In a 2021 McKinsey study, the global consulting firm declared the present market as “the age of the inclusive consumer.” Since 2020, there has been a growing demand for companies to embrace—and back—Black-owned brands, suppliers, and vendors, as a rising number of consumers tie their social values to shopping behaviors. With this shift in consumer spending has come a greater need for Black-led companies to meet new client demands.

For small to medium businesses, readily adapting to an increase in sales is critical, as is streamlining the management of storage, logistics and inventory. That’s why Saltbox—an Atlanta-based, Black-led flexible co-warehousing and small business logistics pioneer – is helping companies do just that. Last week the company announced a $35 million Series B funding round, co-led by Atlanta-based and family-owned Cox Enterprises, and Pendulum, a strategic growth investing and advisory platform designed for founders and leaders of color. The news comes on the heels of the company opening its second Dallas location in Carrollton, Texas, which features 169 flexible warehouse suites, 10 office suites, flex office space, access to loading docks, and a photo studio for entrepreneurs. This Series B round brings Saltbox’s total funding to $56 million.

“As the saying goes, ‘with great privilege comes great expectations,’” says Saltbox CEO and co-founder Tyler Scriven of the company’s latest achievement. “I consider myself and my team incredibly fortunate and privileged to be able to tackle such an important problem from such a well-capitalized position. I've been around the startup game long enough to know that while raising money does not in itself equate to success, it certainly goes a long way towards helping you get there.”

Roughly half of the 500+ Saltbox member businesses are led by women or people of color—a stat Tyler says he is extremely proud of given the systemic lack of access to capital and other entrepreneurial roadblocks faced by Black entrepreneurs. It’s further gratifying because, Scriven tells EBONY, Black founders raised just about 0.43 percent of the nearly $43 billion deployed in the third quarter of 2022, according to TechCrunch—a sign that Black entrepreneurs could greatly benefit from the business model Saltbox offers.

“I believe that our disproportionately high representation in more logistically-driven businesses directly results from the systemic challenges that we face in more capital-intensive forms of entrepreneurship, such as venture capital and private equity-backed businesses,” Scriven says.

While the young CEO is hesitant to take credit for the number of Black entrepreneurs who have found a home at the company, he does say his team will take credit for “fostering a company at every level that is truly welcoming and accepting of everyone, no matter who they are.” He also adds that the mere presence of other entrepreneurs that look like you can have a massive impact on one’s perception of themselves and the confidence that they’re in the right place. This representation is something that Black women find at Saltbox. Despite being the fastest growing demographic of entrepreneurs in the U.S., with nearly 2.7 million businesses nationwide, Black women continue to face disproportionate financial headwinds—something Saltbox hopes to help alleviate with their business model.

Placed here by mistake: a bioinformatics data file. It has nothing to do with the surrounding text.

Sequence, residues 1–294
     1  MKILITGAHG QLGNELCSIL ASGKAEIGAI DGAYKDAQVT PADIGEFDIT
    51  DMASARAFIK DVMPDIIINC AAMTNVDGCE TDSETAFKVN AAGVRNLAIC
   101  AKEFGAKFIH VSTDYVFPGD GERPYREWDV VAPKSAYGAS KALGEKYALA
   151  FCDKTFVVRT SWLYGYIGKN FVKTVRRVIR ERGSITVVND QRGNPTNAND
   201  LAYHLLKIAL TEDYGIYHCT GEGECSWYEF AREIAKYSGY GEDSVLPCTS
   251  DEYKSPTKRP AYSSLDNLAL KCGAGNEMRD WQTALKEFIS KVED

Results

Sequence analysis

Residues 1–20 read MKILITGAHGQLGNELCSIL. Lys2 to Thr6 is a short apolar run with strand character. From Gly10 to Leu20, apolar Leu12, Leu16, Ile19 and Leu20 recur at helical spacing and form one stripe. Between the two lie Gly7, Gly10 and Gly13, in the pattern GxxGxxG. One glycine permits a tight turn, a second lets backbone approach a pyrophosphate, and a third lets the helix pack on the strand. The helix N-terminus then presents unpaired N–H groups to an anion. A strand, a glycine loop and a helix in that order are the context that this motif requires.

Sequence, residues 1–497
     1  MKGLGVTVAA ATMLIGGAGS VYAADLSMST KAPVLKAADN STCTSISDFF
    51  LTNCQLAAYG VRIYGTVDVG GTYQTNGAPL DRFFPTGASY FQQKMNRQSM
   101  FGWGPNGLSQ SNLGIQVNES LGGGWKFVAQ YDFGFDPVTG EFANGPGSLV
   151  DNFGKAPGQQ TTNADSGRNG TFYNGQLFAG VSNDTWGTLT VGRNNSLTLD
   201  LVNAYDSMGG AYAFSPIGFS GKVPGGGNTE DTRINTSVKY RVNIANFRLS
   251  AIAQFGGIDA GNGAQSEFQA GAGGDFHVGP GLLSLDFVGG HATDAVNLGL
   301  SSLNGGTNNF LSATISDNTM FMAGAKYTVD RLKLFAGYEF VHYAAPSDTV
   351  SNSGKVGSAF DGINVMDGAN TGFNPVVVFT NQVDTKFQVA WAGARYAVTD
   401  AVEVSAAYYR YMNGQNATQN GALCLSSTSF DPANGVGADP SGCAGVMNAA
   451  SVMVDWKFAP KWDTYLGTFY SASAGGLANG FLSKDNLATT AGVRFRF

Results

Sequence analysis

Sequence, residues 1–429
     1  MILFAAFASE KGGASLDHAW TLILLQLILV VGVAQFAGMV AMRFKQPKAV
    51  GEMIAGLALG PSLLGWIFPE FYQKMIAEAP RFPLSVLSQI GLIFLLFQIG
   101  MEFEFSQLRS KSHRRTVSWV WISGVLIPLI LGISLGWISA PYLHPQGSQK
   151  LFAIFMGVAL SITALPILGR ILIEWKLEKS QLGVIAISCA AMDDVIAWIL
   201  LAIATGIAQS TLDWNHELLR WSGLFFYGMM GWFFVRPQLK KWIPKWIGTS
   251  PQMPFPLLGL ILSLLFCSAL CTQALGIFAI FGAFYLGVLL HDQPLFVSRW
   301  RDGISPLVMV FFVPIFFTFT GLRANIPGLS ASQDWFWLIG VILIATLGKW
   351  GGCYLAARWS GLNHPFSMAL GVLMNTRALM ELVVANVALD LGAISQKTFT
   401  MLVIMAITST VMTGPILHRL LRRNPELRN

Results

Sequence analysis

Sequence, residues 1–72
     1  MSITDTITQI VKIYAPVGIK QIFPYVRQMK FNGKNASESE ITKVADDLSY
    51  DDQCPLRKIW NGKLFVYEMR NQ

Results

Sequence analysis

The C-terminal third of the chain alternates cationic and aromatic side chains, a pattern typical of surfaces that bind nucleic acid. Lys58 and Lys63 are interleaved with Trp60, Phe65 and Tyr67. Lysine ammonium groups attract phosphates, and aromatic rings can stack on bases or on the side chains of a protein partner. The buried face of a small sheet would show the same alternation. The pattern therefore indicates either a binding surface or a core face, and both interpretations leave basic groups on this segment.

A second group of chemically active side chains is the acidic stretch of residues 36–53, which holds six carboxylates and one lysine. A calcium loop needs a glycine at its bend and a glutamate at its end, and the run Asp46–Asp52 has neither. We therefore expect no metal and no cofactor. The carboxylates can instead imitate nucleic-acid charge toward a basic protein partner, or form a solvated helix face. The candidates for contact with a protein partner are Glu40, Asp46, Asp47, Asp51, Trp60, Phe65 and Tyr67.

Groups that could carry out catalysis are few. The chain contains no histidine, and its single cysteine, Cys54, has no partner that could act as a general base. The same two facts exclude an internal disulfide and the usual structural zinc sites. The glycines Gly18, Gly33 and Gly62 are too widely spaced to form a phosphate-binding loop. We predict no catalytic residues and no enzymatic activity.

Saltbox’s members span numerous industries from fashion to tech, health and beauty to home goods. For each company, Scriven says Saltbox delivers on its mission to democratize access to logistics. “Our end-to-end solutions power the logistics journey of small businesses from startup to scale, and our products and services are approachable, comprehensive, community-focused, and human-centric in their design, reflecting our customers' core values and ethos.”

Its mission is clearly resonating. In 2022, Saltbox more than doubled its growth, expanding its flexible warehouse network to ten locations. The company also opened its first-ever fulfillment hub in Dublin, Ohio. A press release from Saltbox notes that the strategic location in the Columbus, Ohio market allows members to reach 67 percent of the total U.S. population via 2-day shipping. In the near future, Saltbox also plans to expand to new markets including Tempe, AZ and Doral, FL, and add a second location in Tampa.

“Tyler and the Saltbox team have tapped into a strategic and unique opportunity at the intersection of community and shared services in warehousing, inventory management and fulfillment,” says Robbie Robinson, CEO and co-founder of Pendulum, a Saltbox investor. “This is evident in the company’s growth, and its ongoing expansion across geographies speaks to the high demand for this differentiated bundling of services.”

Scriven says Saltbox’s business model is something he’s incredibly confident will contribute to it being an enduring and successful company. “I can't help but feel the growing weight of the shared hopes and dreams that rest on my shoulders. Whether right or wrong, these feelings are further amplified as a Black founder,” Scriven admits. “Recognizing how few of my peers are afforded the same opportunity, I feel a deep sense of responsibility to my customers, employees, and investors and to all of the many talented Black entrepreneurs, especially those who have not been afforded the same opportunities I have to achieve great success.”